Genistein induces phenotypic reversion of endoglin deficiency in human prostate cancer cells

Clarissa S. Craft, Li Xu, Diana Romero, Calvin P.H. Vary, Raymond C. Bergan

Research output: Contribution to journalArticlepeer-review

26 Scopus citations


Genistein has been shown to inhibit human prostate cancer (PCa) cell motility. Endoglin has been identified as an important suppressor of PCa cell motility, and its expression is lost during PCa progression. It is therefore important to determine whether endoglin loss affects genistein's efficacy and, if so, by what mechanism. In the current study, genistein was shown to induce reversion of endoglin-deficient cells to a low motility, endoglin-replete phenotype. Because endoglin suppresses PCa cell motility in an activin-like kinase receptor-2 (ALK2)- and Smad1-dependent manner, we sought to determine whether genistein was activating the ALK2-Smad1 pathway. Although treatment with genistein or overexpression of Smad1 or ALK2 all increased Smad1-responsive promoter activity and decreased cell motility, genistein's efficacy was abrogated by either Smad1 or ALK2 knockdown. Furthermore, transfection of cells with a kinase dead mutant of ALK2 abrogated genistein's efficacy. Together, these findings demonstrate that genistein therapeutically induces reversion to a low-motility phenotype in aggressive endoglin-deficient PCa cells. It does so by activating ALK2-Smad1 endoglin-associated signaling. These findings support the notion that individuals with low endoglin-expressing PCa will benefit from genistein treatment.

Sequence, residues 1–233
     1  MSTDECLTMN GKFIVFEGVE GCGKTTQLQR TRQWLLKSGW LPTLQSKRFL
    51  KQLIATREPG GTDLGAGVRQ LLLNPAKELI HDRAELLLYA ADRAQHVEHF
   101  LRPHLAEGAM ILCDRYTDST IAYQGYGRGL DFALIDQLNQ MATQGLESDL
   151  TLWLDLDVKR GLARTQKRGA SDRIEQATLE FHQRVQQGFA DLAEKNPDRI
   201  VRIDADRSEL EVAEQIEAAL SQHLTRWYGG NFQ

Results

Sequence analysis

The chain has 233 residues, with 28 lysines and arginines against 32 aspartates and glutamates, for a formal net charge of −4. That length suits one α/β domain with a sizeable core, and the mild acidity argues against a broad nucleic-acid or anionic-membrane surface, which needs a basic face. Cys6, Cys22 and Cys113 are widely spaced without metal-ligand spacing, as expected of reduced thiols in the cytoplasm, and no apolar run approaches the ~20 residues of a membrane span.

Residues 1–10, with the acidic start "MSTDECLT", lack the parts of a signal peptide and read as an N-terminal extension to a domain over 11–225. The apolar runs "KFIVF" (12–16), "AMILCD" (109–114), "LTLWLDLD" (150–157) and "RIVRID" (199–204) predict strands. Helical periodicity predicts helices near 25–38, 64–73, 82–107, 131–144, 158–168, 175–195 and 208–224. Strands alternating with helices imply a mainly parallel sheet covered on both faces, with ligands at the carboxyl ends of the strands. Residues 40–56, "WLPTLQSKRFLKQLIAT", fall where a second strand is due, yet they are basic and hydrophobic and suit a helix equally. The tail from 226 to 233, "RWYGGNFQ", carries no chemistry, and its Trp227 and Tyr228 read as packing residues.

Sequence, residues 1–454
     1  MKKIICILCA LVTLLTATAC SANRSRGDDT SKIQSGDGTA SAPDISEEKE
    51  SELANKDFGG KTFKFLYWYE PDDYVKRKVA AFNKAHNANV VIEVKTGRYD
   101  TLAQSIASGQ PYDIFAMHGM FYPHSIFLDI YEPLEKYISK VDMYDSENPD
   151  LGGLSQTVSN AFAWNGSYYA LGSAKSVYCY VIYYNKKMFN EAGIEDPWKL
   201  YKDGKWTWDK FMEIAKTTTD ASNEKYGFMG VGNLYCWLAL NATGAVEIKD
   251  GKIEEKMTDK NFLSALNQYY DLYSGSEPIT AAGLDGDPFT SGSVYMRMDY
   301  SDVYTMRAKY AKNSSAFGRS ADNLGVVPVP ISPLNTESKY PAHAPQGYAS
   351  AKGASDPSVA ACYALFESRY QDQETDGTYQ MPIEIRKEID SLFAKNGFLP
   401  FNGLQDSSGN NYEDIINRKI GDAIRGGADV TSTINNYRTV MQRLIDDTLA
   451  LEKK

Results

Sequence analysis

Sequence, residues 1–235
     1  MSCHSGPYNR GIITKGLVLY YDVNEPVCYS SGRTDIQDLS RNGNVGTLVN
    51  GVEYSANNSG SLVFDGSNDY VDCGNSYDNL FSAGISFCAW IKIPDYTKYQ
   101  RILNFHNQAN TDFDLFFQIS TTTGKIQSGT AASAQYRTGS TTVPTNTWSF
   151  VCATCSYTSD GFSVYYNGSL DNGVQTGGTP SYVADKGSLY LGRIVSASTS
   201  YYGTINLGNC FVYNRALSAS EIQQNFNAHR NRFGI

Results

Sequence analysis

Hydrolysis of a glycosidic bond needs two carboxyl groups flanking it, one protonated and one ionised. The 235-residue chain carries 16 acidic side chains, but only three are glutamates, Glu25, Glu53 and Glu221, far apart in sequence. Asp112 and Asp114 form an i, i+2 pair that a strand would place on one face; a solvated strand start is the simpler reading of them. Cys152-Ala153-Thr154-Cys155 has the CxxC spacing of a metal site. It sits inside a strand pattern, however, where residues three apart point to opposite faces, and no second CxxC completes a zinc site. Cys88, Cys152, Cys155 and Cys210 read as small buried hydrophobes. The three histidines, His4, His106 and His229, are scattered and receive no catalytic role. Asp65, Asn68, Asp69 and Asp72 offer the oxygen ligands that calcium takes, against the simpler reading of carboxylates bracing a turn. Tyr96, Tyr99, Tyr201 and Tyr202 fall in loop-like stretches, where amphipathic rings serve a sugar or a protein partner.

Original languageEnglish (US)
Pages (from-to)235-242
Number of pages8
JournalMolecular pharmacology
Issue number1
StatePublished - Jan 2008
Externally publishedYes

ASJC Scopus subject areas

  • Molecular Medicine
  • Pharmacology


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